But again, that’s just one case – I’d love to see some examples that distinguish it or cut the other way.

  2. February 6, 2015 at 3:18 pm

    Since I’m not very familiarized with US copyright system, isn’t “separability” the same of “severability”?

    Thanks for your thoughts. But if Sosa’s shark is a TOY (and not a costume, like Katy Perry’s shark), why are we talking about “separability”? Is Sosa’s shark understood as derivate of Perry’s shark? In other words, is a STL file derived from a physical object? And if so, the “legal” qualities of the physical object are transferred to the STL file of this object? I know that still there isn’t a right answer for that (at least I think so), but I’d like to hear your thoughts about it.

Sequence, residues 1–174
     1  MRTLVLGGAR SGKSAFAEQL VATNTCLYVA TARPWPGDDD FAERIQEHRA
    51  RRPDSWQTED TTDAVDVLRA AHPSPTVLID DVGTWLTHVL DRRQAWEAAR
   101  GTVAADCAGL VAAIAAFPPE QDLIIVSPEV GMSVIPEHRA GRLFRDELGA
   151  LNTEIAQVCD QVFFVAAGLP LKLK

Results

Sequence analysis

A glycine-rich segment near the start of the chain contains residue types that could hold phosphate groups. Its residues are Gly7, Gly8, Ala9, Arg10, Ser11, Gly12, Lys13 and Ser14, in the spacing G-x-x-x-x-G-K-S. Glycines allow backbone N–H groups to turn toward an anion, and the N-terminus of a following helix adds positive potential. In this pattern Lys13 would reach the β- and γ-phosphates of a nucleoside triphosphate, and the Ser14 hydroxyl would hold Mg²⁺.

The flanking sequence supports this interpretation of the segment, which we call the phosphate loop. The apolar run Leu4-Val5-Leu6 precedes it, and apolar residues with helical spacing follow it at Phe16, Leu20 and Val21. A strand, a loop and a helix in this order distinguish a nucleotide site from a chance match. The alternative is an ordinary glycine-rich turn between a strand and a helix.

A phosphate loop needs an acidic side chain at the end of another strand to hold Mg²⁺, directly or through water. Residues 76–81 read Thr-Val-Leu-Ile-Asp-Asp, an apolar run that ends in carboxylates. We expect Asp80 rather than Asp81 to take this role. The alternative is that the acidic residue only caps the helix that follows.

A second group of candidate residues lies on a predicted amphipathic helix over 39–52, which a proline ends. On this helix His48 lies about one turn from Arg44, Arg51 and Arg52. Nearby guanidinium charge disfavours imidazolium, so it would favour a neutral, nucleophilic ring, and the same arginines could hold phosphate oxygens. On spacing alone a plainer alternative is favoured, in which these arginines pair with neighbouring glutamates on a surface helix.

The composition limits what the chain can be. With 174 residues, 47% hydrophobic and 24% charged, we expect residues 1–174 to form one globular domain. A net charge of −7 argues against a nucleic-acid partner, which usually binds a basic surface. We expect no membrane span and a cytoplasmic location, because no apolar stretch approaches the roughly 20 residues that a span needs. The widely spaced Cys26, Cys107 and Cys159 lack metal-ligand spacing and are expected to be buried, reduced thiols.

Thank you 🙂

  3. February 6, 2015 at 4:30 pm

    Separability is a concept that comes up in the US with respect to utilitarian features and copyright (see the cases I cited above). With respect to the second point, if a derivative work (i.e. the toy) was based on a non-copyrightable work (i.e. potentially the costume shark in this case), then the toy might not be considered original and if so the toy might not be copyrightable.

  4. February 6, 2015 at 4:51 pm

    Got it! 🙂